Opinion: Priceless

POSTED: 11/15/11 4:31 AM

The visit of Herman Tjeenk Willink, the departing vice President of the Council of State, was a unique event in St. Maarten’s history, if only because it was the first and the only time this will happen.
Tjeenk Willink is also a rather unique character in the Kingdom’s political landscape. He served ten years as a Member of the Senate, but only four years as a true politician. The last six years of his tenure he was the Senate’s chairman – a position that placed the Social Democrat above politics. With his move to the Council of State in 1997 he became effectively the most powerful man in the country who never became Prime Minister. He became the closest advisor to Queen Beatrix and in this function he played a crucial role in the formation of several cabinets. He has often, and not without reason, been called the country’s viceroy.
Tjeenk Willink will step down as the Council of State’s vice Present towards the end of January next year, around his 69th birthday. The country’s citizens won’t fall over backward when this happens; that’s because Tjeenk Willink has operated most of his career in an honorable way in the shadows.
To hear the opinion of somebody of his stature about the development of St. Maarten as a new country in the Kingdom is – as the ad says – priceless. We are now curious to see how the parliamentarians who attended his address will pick up on the clear messages that Tjeenk Willink sent. It’s all advice, and the beauty of it is that it is free – something that appeals probably more to the Dutch Calvinist mentality than to the Caribbean laissez-faire attitude.
Tjeenk Willink made abundantly clear that a country is not able to function properly and reach its full potential without institutions like the Advisory Council, the General Audit Chamber or the Ombudsman. Though the Corporate Governance Council was missing from Tjeenk Willink’s list, it clearly ranks as an important advisory body as well. And it is this body that was heavily criticized by Vice Prime Minister Theo Heyliger in June, when he literally told Eddie Williams in an edition of his for the Record broadcast that “elected representatives govern St. Maarten, not the Corporate Governance Council or any other advisory body.”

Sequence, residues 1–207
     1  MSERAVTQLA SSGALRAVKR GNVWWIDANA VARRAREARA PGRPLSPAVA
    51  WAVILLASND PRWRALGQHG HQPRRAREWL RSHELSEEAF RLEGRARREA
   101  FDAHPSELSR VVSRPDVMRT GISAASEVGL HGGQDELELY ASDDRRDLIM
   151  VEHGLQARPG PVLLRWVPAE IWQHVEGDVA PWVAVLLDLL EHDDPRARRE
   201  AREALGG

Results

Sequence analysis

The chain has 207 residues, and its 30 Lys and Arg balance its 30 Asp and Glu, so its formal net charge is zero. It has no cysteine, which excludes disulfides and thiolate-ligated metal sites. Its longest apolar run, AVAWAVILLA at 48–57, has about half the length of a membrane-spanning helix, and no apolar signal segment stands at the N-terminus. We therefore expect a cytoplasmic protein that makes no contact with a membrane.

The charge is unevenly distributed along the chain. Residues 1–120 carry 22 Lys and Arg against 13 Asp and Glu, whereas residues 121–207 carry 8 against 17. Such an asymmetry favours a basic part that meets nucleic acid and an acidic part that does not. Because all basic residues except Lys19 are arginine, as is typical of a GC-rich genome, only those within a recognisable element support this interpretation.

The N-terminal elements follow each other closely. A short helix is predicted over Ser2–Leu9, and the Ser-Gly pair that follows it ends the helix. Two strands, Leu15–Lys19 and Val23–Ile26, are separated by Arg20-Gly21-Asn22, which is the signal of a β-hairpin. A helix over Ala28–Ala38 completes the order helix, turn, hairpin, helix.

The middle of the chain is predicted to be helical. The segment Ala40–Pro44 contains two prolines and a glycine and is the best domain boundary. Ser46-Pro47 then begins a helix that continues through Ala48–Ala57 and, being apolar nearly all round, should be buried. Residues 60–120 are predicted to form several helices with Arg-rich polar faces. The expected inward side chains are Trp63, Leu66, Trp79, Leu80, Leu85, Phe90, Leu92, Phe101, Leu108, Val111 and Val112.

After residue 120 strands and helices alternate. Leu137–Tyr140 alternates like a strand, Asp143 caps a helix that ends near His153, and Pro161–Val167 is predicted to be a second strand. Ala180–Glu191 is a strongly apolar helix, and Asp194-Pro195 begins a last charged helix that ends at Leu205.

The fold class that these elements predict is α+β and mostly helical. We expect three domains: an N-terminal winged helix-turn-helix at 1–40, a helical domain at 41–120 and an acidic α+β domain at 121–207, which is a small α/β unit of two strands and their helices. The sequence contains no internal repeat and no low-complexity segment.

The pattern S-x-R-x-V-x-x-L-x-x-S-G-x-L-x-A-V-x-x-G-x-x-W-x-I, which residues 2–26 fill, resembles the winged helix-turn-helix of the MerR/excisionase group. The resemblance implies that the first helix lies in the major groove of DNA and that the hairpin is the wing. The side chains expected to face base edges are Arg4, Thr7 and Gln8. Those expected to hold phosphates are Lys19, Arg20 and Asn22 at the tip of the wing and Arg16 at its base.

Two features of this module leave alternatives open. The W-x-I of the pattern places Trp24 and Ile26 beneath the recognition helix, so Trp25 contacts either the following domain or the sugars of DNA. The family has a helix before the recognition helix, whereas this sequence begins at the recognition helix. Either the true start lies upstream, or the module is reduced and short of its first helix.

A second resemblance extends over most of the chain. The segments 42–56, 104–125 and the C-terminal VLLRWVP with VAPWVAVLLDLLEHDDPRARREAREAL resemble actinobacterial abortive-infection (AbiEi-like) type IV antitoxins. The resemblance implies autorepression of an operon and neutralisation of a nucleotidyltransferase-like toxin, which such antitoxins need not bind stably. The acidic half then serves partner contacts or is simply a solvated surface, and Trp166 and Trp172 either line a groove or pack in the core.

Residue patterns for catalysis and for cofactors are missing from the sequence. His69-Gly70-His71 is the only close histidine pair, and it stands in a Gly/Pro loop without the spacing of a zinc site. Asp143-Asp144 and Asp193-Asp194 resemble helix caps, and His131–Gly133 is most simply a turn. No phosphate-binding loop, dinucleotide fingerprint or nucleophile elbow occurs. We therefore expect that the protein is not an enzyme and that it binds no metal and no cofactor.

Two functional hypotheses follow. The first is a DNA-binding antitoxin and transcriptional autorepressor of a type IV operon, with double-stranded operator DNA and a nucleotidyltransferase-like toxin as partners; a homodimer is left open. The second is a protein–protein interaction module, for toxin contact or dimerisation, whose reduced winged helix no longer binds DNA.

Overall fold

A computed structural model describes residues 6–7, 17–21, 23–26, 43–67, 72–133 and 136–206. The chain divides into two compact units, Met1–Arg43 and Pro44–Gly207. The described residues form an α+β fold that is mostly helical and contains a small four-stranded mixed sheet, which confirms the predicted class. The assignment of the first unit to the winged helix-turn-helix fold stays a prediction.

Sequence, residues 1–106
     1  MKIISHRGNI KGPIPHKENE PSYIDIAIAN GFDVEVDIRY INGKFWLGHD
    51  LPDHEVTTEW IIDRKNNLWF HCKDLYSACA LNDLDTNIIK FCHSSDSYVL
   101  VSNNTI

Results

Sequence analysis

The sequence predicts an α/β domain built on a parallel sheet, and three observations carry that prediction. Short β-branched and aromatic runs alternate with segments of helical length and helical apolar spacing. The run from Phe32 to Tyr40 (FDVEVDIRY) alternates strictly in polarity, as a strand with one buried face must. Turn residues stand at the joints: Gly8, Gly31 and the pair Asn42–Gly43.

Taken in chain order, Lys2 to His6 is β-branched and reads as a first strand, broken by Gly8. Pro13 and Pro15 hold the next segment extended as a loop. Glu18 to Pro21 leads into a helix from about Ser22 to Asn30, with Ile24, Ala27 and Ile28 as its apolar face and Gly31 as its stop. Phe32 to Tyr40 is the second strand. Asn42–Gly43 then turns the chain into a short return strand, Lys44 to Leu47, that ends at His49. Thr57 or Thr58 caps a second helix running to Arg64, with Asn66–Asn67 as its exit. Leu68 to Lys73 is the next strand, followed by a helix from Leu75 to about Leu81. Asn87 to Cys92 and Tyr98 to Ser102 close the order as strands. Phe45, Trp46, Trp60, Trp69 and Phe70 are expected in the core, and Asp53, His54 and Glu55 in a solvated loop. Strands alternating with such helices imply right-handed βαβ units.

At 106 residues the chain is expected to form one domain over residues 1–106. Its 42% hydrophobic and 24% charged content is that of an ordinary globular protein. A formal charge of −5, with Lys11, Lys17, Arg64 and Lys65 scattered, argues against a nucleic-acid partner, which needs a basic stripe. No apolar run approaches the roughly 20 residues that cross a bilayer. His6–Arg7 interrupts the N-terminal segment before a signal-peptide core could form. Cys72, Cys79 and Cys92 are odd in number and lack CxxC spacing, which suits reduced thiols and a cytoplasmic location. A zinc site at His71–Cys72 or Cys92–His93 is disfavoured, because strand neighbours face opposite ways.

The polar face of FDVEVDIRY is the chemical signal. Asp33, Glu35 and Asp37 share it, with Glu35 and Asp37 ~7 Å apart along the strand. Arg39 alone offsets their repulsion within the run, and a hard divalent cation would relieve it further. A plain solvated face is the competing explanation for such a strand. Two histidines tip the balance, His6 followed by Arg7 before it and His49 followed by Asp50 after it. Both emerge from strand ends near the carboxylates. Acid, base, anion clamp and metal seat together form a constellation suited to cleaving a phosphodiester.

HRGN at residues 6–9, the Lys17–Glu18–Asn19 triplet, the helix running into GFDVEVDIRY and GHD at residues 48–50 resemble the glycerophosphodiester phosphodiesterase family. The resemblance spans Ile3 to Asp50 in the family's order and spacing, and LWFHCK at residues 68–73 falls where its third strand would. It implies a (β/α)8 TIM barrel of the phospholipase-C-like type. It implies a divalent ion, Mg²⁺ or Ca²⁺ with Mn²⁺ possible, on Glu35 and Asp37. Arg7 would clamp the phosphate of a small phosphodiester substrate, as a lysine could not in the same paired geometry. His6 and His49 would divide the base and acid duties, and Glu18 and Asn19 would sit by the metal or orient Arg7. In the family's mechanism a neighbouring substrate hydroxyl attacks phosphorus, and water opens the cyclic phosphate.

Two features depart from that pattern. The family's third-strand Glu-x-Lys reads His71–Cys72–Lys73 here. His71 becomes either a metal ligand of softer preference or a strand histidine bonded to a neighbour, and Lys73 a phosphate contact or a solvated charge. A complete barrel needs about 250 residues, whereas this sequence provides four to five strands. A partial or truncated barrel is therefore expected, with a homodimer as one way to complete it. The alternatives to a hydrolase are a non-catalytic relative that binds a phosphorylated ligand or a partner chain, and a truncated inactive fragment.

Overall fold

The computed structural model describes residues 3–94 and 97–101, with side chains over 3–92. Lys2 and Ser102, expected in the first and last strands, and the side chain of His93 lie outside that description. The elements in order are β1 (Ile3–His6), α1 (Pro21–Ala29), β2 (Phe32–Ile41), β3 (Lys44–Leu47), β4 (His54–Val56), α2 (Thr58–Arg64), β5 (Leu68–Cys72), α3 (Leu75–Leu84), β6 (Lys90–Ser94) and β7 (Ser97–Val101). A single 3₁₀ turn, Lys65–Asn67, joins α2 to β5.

This is the same Vice Prime Minister who routinely has avoided St. Maarten Day celebrations over the years, simply because the speeches are the same every year, and the results are zero.
As far as this is concerned Vice PM Heyliger is right of course, but at the same time he is also in a position to make something happen. Tjeenk Willink expressed his surprise about the lack of cooperation with our French neighbors, saying that border towns in the Netherlands have formed many partnerships with their German or Belgian neighbors.
For some reason, such a partnership between Marigot and Philipsburg remains a fata morgana. And it is not for a lack of common interests. Promoting the island in source markets, traffic, environment, immigration and energy are just a few examples.
That it would take an outsider like Tjeenk Willink to put his finger on this is painful. But there is no need to let something painful rot even further. The parliament has the power to pass motions that instruct the government to take certain actions. Talking to the neighbors ought to be at the top of the list. Let’s wait and see how long it takes before somebody – anybody – takes a meaningful initiative in this respect.

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